Artificial intelligence to measure citizen perception towards events of noise pollution

phys.org | 3/19/2019 | Staff
JimmyJoe (Posted by) Level 3
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Researchers from Universidad Politécnica de Madrid have developed an artificial intelligence system to detect and assess noisy activities from social network data.

They developed a system of text analysis that, applied to comments published in social media, is able to automatically detect complaints on noise pollution and classify them according to their origin. This system combines artificial intelligence (machine learning) with diverse techniques of language analysis.

Addition - System - Onset - Events - City

In addition, the system can predict the onset of noisy events, which can help city managers to design early interventions to avoid disturbances and health issues for citizens. The study has been developed in collaboration with Télécom Paristech.

In Europe, it is estimated that 25 percent of the population is exposed to high noise levels, which can increase health risks. This causes public health issues and reduces quality of life, especially in urban areas associated with the lack of rest and stress..

Surveys - Perceptions - Environments - Drawbacks - Cost

Traditional surveys have been used to determine citizen perceptions of noisy urban environments, but these have the drawbacks of high cost derived from development and execution, a limited number of participants, and the duration of the surveying campaign.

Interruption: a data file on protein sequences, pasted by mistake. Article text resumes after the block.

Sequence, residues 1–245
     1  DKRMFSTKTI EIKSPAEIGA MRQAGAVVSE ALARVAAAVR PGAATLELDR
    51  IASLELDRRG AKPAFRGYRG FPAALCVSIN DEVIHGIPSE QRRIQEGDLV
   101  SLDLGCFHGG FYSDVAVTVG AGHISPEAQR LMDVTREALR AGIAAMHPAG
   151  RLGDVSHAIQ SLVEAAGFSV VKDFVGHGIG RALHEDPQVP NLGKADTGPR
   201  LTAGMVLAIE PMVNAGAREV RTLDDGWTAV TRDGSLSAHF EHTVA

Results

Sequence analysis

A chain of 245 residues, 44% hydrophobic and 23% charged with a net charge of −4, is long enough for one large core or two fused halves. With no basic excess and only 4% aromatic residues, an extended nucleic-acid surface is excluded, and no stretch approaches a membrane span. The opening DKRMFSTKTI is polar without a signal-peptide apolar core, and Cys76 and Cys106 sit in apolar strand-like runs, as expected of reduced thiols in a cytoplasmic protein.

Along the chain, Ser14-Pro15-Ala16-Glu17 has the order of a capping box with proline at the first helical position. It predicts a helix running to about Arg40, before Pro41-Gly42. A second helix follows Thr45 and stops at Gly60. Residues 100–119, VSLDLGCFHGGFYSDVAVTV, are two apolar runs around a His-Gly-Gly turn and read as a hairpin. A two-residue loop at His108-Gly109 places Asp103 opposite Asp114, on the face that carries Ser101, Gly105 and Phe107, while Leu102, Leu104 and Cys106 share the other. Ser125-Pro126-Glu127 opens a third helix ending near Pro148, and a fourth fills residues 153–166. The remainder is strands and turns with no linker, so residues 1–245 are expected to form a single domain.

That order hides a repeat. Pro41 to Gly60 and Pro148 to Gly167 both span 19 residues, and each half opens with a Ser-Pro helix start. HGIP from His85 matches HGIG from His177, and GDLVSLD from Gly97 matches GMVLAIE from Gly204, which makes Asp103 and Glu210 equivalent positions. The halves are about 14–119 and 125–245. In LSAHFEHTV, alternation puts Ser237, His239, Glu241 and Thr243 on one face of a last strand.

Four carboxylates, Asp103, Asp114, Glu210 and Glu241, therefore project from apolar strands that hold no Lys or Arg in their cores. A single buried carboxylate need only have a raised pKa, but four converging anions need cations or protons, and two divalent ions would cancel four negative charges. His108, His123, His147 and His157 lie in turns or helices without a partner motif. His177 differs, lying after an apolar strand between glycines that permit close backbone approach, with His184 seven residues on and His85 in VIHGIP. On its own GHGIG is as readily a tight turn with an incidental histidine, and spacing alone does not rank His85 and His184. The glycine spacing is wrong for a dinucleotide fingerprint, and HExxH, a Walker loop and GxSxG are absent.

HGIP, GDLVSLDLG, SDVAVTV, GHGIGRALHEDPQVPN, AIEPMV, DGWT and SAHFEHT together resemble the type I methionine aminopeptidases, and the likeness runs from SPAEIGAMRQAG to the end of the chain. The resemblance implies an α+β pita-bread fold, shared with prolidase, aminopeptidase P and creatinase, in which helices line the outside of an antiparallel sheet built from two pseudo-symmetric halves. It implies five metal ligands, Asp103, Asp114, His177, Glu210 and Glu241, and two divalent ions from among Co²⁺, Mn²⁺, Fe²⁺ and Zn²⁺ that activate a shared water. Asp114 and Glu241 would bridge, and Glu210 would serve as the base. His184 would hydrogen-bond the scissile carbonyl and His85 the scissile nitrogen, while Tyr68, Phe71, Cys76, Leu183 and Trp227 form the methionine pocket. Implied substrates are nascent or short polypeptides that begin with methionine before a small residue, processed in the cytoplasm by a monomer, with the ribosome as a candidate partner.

Additionally, this system is not agile when detecting problems or specific noisy events. In recent years, new systems of online citizen participation have come up and they allow interaction with local managers, but they are not generally used by the population.

Users - Media - Post - Opinions - Feelings

Users of social media post opinions and feelings about diverse topics: politics, TV, products, and of course, the environment, including noise pollution.

Luis Gascó, a researcher from the group on Instrumentation and Applied Acoustics (I2A2) at UPM...
(Excerpt) Read more at: phys.org
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